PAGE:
Q: What will that do to downtown traffic?
A: It will make it worse. The only question is how much.
Sound Transit, Metro and the city of Seattle plan to spend $13 million, mostly on surface improvements, to minimize the impact. Third Avenue would be closed to all traffic except buses and emergency vehicles from 6 to 9 a.m. and 3 to 6 p.m. Traffic-control officers would be stationed at key intersections.
Even so, Sound Transit says average delays at some intersections will increase from one to 20 seconds.
Most buses rerouted from the tunnel to the surface will take six to seven minutes longer to get from one end of downtown to the other, the agency calculates.
Sane Transit's technical advisers argue there will be more buses on downtown streets than Sound Transit and Metro assume — both while the tunnel is closed and after it reopens. As a result, they say, congestion will be worse than predicted (see accompanying story).
Q: What will happen when the tunnel reopens?
A: Most of the buses that were in the tunnel before will return. But they'll take longer to get through the tunnel because they'll have to wait in staging areas at the tunnel entrances when trains approach. The agencies say bus riders will experience an average delay of 1.5 minutes.
The wait could be longer, Sane Transit counters, if train and bus operations don't mesh as smoothly in the tunnel as Sound Transit's computer simulations indicate.
Q: How will the buses in the tunnel affect light-rail operations?
A: Metro and Sound Transit say trains will take about one minute longer to travel through the tunnel than if the tunnel were rail-only.
Q: Who will be riding the trains when the tunnel reopens?
A: Sound Transit says its two-car trains will carry about 1,800 passengers out of downtown during the afternoon peak hour in 2010, and 2,200 in 2020. Most will be headed for Southeast Seattle. Some will be former bus commuters.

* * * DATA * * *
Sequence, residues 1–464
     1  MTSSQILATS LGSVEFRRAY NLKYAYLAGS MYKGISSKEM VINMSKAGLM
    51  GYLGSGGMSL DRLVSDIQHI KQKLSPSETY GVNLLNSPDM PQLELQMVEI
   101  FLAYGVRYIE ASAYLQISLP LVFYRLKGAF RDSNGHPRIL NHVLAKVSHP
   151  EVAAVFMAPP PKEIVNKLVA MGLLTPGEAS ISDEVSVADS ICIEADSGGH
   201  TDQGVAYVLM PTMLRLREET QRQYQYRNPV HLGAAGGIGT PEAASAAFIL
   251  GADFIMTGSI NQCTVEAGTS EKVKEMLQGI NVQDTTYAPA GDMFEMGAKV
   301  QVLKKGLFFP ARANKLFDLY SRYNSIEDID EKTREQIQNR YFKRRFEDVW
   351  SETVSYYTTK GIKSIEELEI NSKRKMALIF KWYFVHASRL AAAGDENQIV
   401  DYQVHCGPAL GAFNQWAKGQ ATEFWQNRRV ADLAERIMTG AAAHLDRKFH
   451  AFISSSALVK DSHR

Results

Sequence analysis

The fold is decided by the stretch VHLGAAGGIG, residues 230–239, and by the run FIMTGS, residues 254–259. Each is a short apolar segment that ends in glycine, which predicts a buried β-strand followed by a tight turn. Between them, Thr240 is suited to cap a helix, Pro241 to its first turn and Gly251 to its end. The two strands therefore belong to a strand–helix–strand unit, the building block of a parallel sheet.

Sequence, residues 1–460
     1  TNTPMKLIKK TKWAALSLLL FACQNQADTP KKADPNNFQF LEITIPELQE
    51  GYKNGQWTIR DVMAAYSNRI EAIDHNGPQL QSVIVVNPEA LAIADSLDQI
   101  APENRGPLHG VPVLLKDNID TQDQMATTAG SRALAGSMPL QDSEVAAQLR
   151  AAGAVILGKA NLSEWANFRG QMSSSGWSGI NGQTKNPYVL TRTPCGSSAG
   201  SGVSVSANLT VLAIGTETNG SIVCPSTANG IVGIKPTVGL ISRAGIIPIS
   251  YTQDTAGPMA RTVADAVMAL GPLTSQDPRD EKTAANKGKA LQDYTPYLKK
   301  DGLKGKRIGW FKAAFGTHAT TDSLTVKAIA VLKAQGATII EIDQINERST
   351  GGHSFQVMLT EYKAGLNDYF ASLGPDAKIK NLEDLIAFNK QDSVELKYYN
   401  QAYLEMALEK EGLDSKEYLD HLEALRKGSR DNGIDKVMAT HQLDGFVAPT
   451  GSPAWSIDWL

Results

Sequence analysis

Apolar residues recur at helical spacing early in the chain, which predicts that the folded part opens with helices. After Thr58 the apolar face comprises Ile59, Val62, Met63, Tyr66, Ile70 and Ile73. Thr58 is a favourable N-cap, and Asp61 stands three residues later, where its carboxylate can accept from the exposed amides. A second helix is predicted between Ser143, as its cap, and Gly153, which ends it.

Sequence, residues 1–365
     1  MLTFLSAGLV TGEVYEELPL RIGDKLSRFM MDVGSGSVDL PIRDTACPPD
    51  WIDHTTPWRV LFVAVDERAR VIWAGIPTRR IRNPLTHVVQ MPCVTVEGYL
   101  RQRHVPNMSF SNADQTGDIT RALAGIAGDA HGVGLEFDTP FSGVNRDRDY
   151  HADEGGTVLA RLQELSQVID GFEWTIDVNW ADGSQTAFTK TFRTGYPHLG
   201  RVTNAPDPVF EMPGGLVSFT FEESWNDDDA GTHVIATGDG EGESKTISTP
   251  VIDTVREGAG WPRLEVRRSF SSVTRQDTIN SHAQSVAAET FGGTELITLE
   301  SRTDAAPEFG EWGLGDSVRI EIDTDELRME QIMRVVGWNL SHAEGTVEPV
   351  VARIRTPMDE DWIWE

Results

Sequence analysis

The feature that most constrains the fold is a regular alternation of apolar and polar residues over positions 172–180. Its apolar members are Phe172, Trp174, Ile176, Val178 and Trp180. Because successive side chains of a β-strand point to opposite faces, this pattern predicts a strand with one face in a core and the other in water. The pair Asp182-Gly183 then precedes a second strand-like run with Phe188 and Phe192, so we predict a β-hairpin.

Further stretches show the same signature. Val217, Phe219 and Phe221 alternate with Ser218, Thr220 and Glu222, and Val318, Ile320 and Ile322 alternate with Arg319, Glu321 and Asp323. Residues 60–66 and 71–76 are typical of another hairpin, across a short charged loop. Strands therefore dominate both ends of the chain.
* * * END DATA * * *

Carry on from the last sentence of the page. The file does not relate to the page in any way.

Q: Will their commutes be shorter than now?
A: Rail should help many get to and from downtown in less time.
One example: Metro's current schedule shows that, during the afternoon rush hour, the 42 Express bus takes 31 to 34 minutes to get from Second Avenue and Pike Street downtown to the intersection of Martin Luther King Jr. Way and South Othello Street.
Sound Transit estimates it will take trains 22 minutes to get to the proposed light-rail station at that same intersection from Westlake Station downtown.
But there won't be nearly as many rail stations as there are bus stops, so some passengers may have a longer walk home if they switch to light rail. Sound Transit estimates more than 40 percent of its Southeast Seattle light-rail passengers will get to and from the train by bus; transfers could cost some commuters extra minutes.
Q: Will joint operations mean fewer cars on downtown streets?
A: The difference will be negligible. Sound Transit forecasts 34,000 morning rush-hour auto trips to downtown in 2020 if the 14-mile light-rail line is built, 34,400 if it isn't.
Q: What about buses? Will light rail take some of them off downtown streets?
A: Not many. Metro does plan to terminate some routes that now serve downtown at outlying light-rail stations, converting them to "feeder" routes.